Simple(r) solutions?
    -Twin-chassis designs like the Lotus 88, and bring back ground effects while limiting wings.
    -Budget cap and near-equal prize money (say 15:10 between first and last in the WCC).
    -1.5L any configuration, hybrid or not, turbocharged, supercharged, turbine for all I care engine formula.
    -100kg fuel limit (but force the teams to completely fill the tanks before the race).
    -Set ballast to weight of car + driver.
    -Better streaming and non-paywalled viewing options.
    -Cheaper ticket prices.
    -More time for fans to meet the drivers, (re: less PR, more autograph sessions).
    -No half-points races unless the race is actually halted at the proper time to award them.
    -End all gimmickry.

    Will any of this happen in time to save the sport? Do I even need to ask?

  16. Andreas said on 21st June 2014, 12:19

    As has already been mentioned, going to a new engine manufacturer (be it RBR themselves, Infiniti or someone else not currently in F1) could give them the ability to run a split turbo engine despite the engine development freeze. Whether or not a new manufacturer can get power units ready for 2015 is a completely different matter, though. And the cost would be huge – mind you, Red Bull is one of the teams that doesn’t seem to want any sort of cost cap, so let the speculations begin :-D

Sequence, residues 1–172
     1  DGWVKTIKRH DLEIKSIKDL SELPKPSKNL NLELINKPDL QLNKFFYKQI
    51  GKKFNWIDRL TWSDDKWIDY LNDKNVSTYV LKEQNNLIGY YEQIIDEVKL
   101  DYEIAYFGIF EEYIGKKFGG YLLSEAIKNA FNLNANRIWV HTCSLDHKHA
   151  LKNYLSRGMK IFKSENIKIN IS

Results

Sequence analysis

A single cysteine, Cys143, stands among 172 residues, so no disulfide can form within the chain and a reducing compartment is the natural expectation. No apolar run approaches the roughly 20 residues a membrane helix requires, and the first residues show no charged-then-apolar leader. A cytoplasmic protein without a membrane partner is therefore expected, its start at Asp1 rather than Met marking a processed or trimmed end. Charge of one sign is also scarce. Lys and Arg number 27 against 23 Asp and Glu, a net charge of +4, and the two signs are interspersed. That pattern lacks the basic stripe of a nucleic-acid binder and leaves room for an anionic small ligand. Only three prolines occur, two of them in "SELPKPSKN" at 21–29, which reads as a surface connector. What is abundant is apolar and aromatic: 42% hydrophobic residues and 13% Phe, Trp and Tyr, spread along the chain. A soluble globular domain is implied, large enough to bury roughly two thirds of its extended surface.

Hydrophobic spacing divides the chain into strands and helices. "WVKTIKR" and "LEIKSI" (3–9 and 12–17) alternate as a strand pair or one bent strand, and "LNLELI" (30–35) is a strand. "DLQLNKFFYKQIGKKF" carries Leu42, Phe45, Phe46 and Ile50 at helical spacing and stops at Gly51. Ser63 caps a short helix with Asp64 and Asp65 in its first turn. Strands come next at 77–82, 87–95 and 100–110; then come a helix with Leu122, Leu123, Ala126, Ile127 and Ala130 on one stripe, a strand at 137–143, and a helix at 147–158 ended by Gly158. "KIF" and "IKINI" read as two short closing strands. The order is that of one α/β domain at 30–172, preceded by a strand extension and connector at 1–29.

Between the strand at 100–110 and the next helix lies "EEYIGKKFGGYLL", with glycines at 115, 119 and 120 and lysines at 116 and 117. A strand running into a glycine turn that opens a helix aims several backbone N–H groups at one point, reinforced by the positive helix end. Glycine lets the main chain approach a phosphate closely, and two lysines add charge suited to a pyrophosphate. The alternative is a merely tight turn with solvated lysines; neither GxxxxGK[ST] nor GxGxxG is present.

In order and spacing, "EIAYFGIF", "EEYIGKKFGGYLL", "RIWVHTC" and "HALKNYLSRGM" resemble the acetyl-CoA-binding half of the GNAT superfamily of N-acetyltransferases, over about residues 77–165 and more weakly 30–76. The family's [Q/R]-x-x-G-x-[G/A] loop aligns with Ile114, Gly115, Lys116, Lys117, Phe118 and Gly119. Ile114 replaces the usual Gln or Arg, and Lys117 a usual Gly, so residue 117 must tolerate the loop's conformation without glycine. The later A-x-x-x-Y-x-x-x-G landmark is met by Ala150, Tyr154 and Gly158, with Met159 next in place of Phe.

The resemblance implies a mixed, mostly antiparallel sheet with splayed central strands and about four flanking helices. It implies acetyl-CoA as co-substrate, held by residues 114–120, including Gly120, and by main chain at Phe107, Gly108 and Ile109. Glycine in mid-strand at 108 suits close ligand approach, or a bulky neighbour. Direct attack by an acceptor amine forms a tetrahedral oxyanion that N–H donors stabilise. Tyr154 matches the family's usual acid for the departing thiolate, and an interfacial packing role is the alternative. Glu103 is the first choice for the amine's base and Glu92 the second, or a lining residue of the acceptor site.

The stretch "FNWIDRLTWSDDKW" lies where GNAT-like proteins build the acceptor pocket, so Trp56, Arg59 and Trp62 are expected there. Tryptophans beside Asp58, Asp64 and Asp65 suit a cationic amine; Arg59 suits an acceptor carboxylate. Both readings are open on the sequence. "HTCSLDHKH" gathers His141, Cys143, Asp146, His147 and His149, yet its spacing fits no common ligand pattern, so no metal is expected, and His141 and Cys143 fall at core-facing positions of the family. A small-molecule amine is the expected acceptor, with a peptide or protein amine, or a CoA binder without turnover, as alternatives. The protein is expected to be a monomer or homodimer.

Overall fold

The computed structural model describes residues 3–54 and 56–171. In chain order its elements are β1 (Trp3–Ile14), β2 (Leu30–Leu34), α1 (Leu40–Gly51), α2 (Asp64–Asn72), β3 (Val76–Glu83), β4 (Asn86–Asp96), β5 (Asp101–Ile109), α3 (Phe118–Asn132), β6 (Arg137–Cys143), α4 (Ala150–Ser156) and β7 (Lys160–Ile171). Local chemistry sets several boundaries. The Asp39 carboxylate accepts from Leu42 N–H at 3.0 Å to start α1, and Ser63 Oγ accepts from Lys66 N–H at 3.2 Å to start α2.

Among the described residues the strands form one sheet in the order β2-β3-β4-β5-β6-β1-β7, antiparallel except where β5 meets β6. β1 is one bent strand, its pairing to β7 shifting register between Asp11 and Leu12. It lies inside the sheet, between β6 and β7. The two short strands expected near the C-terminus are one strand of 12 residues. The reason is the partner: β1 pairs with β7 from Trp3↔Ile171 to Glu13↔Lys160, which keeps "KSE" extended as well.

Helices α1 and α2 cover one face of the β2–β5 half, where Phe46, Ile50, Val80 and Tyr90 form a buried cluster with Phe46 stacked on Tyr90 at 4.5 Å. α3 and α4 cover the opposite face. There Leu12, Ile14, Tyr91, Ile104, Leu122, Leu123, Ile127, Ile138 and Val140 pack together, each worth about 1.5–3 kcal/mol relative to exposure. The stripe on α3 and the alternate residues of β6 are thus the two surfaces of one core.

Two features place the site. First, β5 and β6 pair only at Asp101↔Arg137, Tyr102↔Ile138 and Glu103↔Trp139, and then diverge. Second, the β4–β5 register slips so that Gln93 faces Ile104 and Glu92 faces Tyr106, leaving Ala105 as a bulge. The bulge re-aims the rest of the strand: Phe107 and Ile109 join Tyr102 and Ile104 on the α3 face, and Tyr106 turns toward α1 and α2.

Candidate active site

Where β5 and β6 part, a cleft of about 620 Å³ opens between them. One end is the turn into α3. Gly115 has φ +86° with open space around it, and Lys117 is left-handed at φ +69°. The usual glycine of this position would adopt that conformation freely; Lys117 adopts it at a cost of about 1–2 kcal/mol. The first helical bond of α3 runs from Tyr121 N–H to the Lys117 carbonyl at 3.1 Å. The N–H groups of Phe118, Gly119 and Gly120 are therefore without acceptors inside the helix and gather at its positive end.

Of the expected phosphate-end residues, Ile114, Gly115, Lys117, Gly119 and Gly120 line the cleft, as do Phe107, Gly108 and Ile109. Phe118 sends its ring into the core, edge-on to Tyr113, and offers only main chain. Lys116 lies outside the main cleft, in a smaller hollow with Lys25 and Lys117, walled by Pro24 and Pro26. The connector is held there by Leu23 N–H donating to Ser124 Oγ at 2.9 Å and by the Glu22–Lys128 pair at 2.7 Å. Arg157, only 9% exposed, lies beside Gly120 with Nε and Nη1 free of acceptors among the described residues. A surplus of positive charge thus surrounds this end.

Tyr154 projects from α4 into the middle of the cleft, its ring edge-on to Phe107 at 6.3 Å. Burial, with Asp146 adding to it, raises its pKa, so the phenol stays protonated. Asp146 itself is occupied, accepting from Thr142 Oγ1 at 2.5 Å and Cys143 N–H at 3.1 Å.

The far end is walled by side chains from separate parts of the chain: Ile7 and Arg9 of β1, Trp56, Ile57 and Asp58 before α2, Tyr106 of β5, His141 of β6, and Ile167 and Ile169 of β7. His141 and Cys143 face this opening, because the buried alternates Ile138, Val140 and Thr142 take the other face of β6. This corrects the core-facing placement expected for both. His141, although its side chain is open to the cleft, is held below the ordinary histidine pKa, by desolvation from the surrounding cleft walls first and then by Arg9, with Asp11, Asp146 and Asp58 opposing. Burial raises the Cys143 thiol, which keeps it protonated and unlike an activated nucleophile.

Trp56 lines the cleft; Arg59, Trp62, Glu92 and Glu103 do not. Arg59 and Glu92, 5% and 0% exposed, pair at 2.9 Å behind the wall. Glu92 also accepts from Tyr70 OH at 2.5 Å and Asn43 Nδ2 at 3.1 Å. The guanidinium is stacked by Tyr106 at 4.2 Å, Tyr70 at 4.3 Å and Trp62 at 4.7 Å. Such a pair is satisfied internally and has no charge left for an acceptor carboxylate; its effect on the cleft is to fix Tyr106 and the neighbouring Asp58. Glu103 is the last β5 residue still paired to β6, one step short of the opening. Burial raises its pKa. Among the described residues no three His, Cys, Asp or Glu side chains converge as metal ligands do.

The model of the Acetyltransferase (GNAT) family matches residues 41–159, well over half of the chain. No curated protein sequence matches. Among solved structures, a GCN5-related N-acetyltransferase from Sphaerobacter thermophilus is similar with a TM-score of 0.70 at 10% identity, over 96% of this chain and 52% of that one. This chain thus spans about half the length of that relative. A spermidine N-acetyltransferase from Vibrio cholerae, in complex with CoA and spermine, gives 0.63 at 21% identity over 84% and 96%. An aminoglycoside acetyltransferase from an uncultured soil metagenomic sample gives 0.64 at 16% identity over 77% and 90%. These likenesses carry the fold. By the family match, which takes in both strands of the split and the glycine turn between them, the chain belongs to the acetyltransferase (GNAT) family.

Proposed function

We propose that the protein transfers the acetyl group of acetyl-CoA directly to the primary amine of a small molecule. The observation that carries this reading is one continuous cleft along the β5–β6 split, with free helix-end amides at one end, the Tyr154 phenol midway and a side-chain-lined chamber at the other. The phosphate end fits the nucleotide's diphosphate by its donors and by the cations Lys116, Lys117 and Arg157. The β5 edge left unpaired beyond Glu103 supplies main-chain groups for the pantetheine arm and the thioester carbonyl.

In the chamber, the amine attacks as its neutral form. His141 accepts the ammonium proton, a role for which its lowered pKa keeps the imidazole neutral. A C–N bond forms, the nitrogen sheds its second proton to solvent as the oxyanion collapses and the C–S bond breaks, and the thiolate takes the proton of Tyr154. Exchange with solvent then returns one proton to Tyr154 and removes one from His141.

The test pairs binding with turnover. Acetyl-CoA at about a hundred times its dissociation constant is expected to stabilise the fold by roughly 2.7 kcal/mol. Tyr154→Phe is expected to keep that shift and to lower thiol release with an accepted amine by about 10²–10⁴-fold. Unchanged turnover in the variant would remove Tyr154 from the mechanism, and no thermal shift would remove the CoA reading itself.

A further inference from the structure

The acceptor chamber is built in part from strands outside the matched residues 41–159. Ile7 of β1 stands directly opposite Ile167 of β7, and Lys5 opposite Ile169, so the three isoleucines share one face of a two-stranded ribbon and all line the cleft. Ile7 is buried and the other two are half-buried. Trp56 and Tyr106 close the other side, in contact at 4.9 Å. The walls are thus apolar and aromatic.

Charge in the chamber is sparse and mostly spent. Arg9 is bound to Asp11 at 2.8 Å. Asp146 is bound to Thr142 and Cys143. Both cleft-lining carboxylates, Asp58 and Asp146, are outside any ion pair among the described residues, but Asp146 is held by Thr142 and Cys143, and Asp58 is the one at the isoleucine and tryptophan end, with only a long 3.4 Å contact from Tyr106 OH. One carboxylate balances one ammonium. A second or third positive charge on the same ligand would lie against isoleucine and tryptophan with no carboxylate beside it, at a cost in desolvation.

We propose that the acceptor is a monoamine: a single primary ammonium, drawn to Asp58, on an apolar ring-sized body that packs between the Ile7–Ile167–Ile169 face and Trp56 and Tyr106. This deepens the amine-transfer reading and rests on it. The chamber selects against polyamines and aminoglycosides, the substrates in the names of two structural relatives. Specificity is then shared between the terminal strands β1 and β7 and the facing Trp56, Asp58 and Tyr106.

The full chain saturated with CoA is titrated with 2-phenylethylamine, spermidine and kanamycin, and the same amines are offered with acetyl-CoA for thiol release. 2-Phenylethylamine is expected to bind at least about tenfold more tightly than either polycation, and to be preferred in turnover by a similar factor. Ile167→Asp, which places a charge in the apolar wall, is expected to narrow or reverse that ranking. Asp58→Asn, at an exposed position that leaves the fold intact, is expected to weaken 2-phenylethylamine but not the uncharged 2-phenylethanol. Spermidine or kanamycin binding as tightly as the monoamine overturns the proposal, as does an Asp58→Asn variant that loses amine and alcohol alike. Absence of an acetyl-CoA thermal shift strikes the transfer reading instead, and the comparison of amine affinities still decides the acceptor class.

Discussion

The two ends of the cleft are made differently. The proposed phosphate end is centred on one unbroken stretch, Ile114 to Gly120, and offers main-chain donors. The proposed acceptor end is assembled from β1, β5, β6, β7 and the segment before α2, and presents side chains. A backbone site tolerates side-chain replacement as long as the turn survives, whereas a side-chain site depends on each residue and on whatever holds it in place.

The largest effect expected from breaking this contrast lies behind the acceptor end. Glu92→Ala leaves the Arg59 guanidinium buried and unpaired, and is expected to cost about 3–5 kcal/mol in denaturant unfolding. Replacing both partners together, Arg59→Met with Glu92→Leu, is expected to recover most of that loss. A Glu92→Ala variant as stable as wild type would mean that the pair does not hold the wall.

If the “prettier noses” regulation tweaks move the teams in the Ferrari direction, exactly what has been achieved? As they stand now, the Red Bull solution is excellent, the Caterham downright ugly and the Toro Rosso a bit over the top. But for the most part, I’ve gotten used to the looks. The Ferrari, though, I just can’t seem to get adjusted to… Every time I see it, my initial reaction is to wonder if the front section has collapsed somehow :-)

    • Andreas said on 21st June 2014, 12:34

      Oops. I meant 2016 for a potential Red Bull engine/power unit. A bit quick on the keyboard there… :-)

  17. Peter said on 21st June 2014, 14:03

    The most workable way if Redbull do this is to buy Cosworth, then they half way there & sure Newey would relish doing the “full” package!